We left Utah Monday morning and got to Rome Tuesday night. Why does it take so long to get from here to Italy? Well it's 5,748 miles away. And we had to go to Los Angeles first, which is in the wrong direction. And we stopped in Dusseldorf on the way. So yeah, getting there is not half the fun. It's a pain.
But did these girls have fun anyway? Yes they did.


And Star bought them Kinder Eggs. The kind that are illegal in the U.S. (Because children in the U.S. cannot be trusted not to choke on the toy inside the egg, apparently.)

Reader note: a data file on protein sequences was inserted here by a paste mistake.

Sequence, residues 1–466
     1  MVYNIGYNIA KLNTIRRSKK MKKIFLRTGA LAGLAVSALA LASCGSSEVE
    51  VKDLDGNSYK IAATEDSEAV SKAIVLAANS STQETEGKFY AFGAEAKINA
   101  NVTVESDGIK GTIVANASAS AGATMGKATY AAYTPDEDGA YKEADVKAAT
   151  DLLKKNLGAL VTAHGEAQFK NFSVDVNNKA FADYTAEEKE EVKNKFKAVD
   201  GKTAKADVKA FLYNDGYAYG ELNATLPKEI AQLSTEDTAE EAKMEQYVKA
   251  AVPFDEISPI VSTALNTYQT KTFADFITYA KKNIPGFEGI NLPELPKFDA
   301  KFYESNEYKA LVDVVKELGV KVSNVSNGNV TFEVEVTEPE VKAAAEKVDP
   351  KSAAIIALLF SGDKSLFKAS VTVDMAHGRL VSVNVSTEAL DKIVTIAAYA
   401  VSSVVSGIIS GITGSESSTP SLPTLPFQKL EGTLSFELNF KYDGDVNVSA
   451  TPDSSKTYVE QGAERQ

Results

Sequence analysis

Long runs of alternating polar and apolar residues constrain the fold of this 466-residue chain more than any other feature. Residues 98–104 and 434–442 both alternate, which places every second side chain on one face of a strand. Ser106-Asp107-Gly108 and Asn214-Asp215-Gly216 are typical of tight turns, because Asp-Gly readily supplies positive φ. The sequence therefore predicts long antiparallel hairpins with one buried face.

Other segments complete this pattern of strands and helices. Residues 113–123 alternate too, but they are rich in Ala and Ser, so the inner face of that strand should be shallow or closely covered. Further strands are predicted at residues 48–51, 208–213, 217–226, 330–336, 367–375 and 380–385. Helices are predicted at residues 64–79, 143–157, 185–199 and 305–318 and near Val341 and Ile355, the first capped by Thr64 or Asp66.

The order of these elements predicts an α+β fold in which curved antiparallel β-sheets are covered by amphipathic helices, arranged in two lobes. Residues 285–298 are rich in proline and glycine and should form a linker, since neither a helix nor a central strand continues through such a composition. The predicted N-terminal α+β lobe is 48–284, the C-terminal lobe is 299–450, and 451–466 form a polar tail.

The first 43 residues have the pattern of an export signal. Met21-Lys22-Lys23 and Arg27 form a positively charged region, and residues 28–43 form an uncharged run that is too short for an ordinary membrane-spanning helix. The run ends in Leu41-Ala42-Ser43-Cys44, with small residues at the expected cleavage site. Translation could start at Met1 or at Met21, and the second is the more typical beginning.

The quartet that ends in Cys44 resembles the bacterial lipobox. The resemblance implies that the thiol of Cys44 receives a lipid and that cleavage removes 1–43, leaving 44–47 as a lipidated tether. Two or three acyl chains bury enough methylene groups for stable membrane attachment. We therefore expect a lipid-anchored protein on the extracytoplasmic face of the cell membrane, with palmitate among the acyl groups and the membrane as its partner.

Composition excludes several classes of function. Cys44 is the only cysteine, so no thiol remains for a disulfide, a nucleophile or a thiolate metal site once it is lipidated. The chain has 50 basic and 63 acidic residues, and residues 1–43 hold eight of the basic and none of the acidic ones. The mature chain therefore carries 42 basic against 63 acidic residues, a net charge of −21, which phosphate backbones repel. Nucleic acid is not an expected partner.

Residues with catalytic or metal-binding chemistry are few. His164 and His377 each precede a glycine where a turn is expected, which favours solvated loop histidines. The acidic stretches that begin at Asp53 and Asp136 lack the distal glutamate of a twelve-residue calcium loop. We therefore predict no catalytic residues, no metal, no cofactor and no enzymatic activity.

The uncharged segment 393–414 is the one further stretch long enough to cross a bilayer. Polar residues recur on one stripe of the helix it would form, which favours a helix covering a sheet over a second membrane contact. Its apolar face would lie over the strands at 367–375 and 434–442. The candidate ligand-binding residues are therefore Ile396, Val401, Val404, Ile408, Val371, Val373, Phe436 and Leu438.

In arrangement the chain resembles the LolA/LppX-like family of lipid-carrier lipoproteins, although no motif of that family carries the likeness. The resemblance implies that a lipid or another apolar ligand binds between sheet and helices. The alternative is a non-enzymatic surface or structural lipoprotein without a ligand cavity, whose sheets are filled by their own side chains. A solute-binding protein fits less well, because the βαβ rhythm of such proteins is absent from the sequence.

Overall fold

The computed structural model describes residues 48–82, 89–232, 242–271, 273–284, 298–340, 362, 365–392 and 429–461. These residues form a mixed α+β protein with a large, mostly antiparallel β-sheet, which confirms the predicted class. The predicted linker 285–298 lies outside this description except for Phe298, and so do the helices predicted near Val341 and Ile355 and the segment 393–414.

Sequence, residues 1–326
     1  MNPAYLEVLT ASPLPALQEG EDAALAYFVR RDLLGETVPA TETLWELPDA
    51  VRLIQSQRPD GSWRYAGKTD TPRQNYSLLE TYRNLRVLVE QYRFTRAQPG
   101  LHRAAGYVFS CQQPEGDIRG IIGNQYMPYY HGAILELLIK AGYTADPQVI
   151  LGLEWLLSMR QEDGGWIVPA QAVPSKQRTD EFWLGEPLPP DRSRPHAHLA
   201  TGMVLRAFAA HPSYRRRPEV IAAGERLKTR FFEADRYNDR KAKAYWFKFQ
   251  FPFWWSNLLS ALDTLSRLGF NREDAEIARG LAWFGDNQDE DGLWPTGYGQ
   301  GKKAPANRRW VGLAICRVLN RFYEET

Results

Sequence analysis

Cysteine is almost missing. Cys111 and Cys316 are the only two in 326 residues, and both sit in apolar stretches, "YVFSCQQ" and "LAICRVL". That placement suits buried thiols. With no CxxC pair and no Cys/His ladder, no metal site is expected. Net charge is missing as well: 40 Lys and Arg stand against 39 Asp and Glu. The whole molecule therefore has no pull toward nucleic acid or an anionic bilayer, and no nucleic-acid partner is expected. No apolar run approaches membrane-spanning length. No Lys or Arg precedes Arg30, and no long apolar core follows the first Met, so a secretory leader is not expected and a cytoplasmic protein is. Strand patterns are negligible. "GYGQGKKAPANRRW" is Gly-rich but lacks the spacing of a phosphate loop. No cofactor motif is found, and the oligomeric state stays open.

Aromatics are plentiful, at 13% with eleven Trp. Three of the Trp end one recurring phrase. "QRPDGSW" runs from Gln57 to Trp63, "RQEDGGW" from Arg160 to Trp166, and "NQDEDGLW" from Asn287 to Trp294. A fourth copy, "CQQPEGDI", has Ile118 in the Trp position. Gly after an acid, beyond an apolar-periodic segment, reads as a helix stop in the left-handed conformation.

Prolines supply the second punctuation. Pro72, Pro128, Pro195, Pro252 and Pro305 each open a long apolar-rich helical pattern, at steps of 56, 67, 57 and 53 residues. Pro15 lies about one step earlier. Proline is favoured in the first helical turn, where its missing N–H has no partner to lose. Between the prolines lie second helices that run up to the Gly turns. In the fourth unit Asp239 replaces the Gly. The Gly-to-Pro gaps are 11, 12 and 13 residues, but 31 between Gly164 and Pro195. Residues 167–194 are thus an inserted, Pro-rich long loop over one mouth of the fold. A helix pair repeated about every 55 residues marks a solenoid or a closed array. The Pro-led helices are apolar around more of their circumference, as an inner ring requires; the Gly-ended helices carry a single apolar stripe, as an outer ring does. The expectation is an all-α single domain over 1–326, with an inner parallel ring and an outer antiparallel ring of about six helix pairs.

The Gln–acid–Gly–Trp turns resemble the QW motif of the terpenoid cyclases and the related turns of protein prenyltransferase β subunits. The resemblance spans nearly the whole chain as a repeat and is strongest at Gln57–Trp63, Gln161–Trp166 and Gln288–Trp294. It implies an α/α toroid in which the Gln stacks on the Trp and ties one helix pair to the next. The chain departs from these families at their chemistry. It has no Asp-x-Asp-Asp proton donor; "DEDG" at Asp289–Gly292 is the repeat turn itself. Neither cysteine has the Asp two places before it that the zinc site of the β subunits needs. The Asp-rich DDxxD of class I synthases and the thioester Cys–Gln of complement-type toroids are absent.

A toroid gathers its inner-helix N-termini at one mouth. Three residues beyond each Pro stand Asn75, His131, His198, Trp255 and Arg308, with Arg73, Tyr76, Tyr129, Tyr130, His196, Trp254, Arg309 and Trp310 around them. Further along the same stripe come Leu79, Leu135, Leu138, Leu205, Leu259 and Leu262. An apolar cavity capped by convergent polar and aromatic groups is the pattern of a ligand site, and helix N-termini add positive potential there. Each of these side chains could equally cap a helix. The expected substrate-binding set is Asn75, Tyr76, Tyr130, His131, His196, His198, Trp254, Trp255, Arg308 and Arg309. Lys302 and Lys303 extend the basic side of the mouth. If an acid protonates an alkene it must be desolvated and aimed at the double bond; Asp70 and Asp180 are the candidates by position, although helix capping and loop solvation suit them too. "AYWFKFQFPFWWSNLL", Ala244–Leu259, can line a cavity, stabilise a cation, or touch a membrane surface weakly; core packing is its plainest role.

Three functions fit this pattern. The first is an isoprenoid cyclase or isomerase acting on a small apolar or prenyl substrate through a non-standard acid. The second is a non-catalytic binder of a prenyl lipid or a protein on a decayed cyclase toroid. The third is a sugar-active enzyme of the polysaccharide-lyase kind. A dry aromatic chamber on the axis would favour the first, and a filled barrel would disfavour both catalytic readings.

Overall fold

We left the morning of May 29, after giving Rosalie her traditional birthday breakfast in bed.


Yes, we left on her birthday. Did we hear about it from her, despite taking her on a birthday date on Saturday and giving her all her presents plus cake and ice cream and grandparents on Sunday? Yes we did.

I don't sleep well on planes. Except that one time we were in business class seats that turned into beds. Those would have cost around a $1000 dollars more and were just not worth it. Especially considering that we'd be getting to Rome around 10 pm Tuesday and going to bed again.
I did try a new thing that worked better than anything else I've tried: I tied my head to the headrest with a scarf. Yeah, it looked awesome. But no head falling forward to snap me awake every few minutes. Those travel neck pillows never worked so well for me.